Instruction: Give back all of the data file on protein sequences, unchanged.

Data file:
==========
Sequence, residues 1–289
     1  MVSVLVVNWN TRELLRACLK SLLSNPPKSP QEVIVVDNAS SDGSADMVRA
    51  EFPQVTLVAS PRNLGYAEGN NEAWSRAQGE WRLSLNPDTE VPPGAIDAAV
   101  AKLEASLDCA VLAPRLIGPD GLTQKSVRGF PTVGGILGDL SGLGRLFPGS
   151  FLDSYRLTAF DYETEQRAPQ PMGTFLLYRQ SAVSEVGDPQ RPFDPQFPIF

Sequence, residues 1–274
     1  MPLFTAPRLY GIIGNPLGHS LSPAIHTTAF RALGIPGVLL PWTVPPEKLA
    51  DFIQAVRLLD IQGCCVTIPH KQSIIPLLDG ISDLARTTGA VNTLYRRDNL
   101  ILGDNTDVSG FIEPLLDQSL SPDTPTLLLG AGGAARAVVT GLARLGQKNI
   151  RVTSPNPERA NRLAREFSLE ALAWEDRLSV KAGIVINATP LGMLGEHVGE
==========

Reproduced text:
Sequence, residues 1–289
     1  MVSVLVVNWN TRELLRACLK SLLSNPPKSP QEVIVVDNAS SDGSADMVRA
    51  EFPQVTLVAS PRNLGYAEGN NEAWSRAQGE WRLSLNPDTE VPPGAIDAAV
   101  AKLEASLDCA VLAPRLIGPD GLTQKSVRGF PTVGGILGDL SGLGRLFPGS
   151  FLDSYRLTAF DYETEQRAPQ PMGTFLLYRQ SAVSEVGDPQ RPFDPQFPIF

Sequence, residues 1–274
     1  MPLFTAPRLY GIIGNPLGHS LSPAIHTTAF RALGIPGVLL PWTVPPEKLA
    51  DFIQAVRLLD IQGCCVTIPH KQSIIPLLDG ISDLARTTGA VNTLYRRDNL
   101  ILGDNTDVSG FIEPLLDQSL SPDTPTLLLG AGGAARAVVT GLARLGQKNI
   151  RVTSPNPERA NRLAREFSLE ALAWEDRLSV KAGIVINATP LGMLGEHVGE